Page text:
Review: Bloomsbury 35 Review

In September 1986, four well-known publishing professionals in the UK came together to create an independent publishing company which would be dedicated to editorial excellence and originality as well as high standards of production and Design. Five days after announcing his arrival, Bloomsbury was at the Frankfurt Book Fair, even though he didn’t have a single book to present. “The industry came to visit the Frankfurt stand, fascinated that the five-day publisher had only quarter bottles of Bollinger to offer, but no books yet,” writes Nigel Newton, one of the founders, in the preface to Bloomsbury 35which commemorates the incredible journey of the publishing house in the world of letters.

By early 1987, Bloomsbury had its lists well advanced and was beginning to publish authors such as Margaret Atwood, Michael Ondaatje, Nadine Gordimer, John Irving, Joanna Trollope, etc. Many of them will win the greatest literary prizes, including the Booker, the Pulitzer and the Nobel. This book zooms in on some of the finest and most important works Bloomsbury has published over the past 35 years and presents a captivating collection of excerpts from them.

Of course, editors bemoan the fact that it only gives readers a taste of the adult fiction that Bloomsbury has published, and that space constraints have forced them to omit glimpses of other genres such as non-fiction and poetry or even one of his most prodigious hits, magic Harry Potter books by JK Rowling.

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Bloomsbury 35 contains all the usual suspects – there are excerpts from the works of literary heavyweights like Abdulrazak Gurnah (winner of the 2021 Nobel Prize in Literature) and George Saunders, William Boyd and others, and best-selling authors such as Khaled Hosseini and Elizabeth Gilbert (she from Eat Pray Love celebrity). And you get that nice sense of familiarity when, say, you engage again with Atwood’s masterful Booker-winning novel-within-a-novel, blind assassin, or briefly warm yourself in the fire of the protagonist’s passion for his mistress in Ondaatje’s The English Patient (also a Booker Prize winner), or when you bite once more into a slice of late celebrity chef Anthony Bourdain’s racy, disruptive and utterly thunderous confessional, Confidential kitchen.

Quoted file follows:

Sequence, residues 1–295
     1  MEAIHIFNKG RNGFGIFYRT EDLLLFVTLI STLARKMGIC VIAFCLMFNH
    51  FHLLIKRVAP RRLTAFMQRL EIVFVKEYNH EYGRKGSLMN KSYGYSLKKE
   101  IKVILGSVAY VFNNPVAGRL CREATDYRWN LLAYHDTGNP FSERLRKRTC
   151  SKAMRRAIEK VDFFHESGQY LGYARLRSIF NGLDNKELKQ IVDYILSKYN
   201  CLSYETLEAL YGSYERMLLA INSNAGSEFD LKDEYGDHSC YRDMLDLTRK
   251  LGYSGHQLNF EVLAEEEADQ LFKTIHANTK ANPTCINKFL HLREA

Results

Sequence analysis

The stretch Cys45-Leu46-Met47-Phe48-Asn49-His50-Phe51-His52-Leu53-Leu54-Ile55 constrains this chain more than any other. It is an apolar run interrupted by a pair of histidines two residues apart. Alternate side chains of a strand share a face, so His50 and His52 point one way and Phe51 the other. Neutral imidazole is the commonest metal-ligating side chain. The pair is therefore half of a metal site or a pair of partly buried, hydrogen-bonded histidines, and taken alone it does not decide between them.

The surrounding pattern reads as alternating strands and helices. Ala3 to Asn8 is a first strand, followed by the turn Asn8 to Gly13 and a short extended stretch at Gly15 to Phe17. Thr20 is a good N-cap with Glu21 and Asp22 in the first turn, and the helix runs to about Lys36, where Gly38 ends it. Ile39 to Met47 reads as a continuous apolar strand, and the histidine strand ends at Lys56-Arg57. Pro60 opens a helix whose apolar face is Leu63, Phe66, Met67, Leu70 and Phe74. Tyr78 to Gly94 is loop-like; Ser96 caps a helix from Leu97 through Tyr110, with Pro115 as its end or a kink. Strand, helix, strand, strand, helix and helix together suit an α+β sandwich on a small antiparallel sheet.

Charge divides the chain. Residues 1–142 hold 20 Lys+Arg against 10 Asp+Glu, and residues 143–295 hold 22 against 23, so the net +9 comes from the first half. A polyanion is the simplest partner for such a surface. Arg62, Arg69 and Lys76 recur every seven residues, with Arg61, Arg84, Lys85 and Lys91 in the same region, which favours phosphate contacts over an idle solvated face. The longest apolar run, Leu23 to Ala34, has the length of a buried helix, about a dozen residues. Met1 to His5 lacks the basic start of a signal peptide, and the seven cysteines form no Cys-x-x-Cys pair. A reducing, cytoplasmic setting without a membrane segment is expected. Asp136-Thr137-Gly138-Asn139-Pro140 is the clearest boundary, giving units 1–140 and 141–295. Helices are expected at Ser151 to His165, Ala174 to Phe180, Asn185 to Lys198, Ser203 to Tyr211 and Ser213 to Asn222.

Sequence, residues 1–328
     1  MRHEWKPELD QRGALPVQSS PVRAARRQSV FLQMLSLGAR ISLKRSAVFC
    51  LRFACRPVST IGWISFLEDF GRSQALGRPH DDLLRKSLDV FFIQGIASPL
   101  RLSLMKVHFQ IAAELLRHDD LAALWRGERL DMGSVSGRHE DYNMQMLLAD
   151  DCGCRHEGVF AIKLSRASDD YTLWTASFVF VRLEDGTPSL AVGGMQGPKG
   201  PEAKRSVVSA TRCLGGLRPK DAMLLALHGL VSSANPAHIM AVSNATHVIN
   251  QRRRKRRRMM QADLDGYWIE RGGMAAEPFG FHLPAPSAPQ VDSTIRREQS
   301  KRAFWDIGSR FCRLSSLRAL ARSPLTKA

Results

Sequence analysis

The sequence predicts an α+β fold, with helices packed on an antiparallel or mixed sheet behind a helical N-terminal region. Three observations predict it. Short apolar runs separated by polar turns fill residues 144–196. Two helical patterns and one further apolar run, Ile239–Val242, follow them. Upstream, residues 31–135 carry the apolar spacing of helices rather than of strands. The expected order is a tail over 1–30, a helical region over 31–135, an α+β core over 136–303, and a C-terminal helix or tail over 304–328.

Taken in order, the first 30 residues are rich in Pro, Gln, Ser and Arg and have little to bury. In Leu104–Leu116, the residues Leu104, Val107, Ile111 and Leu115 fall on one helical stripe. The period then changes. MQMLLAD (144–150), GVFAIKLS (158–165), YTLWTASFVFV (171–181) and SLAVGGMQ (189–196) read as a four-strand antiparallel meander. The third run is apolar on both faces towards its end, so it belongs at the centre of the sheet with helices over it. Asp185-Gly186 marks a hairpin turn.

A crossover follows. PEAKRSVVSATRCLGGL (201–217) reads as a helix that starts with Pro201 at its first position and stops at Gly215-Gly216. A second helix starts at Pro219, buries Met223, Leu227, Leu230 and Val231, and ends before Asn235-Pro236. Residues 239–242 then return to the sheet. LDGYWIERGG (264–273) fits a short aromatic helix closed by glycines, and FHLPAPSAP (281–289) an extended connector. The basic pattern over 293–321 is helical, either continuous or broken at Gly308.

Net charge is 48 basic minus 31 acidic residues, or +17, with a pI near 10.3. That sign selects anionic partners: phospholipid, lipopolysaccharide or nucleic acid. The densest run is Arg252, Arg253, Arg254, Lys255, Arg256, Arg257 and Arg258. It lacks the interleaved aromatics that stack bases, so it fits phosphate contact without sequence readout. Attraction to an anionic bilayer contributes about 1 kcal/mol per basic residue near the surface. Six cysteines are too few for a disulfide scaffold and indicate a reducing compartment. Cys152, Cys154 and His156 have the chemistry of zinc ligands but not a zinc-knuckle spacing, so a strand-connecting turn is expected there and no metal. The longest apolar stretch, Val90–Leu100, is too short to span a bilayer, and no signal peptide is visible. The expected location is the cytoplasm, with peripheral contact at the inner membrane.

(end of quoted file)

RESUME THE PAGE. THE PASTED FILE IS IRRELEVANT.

But the book does not just serve carefully selected literary books amuse bouche. Its real delight lies in the thrilling sense of discovery it offers. You may have read all or most of the books whose excerpts have been grouped between its covers. But for the rest, it provides compelling snapshots of works one may not have encountered, or even had time to read. There are some scintillating prose samples here and some intriguing story promises. And they are certain to whet your appetite and lead you to the books themselves.

Bloomsbury 35

Edited by Liz Calder and Alexandra Pringle



A box of knives is one. In the space of a few pages, the piece from this 1988 novel by Candia Williams manages to draw you right into its bewitching heart, its scintillating prose, its plush and elegant characters vibrant with darkness and complexity. Indeed, whether middlesex by Jeffrey Eugenides, or no other life by Brian Moore, and many others, the excerpts are nothing less than portals that promise to transport the reader to jaw-dropping literary experiences.

Bloomsbury 35 is not a book to be consumed in one gulp. It is eaten slowly, extract by extract, piece by piece. Some will not be able to reach an agreement. But many will trigger glimmers of greater need. Perhaps you will read a little more about everything that speaks to you and arouses your curiosity. Maybe you’ll end up ordering a book or three. I know I did. In other words, Bloomsbury 35 isn’t just a collector’s item — it’s also a triumph of the publisher’s bookseller spirit.

The critic is a journalist and author.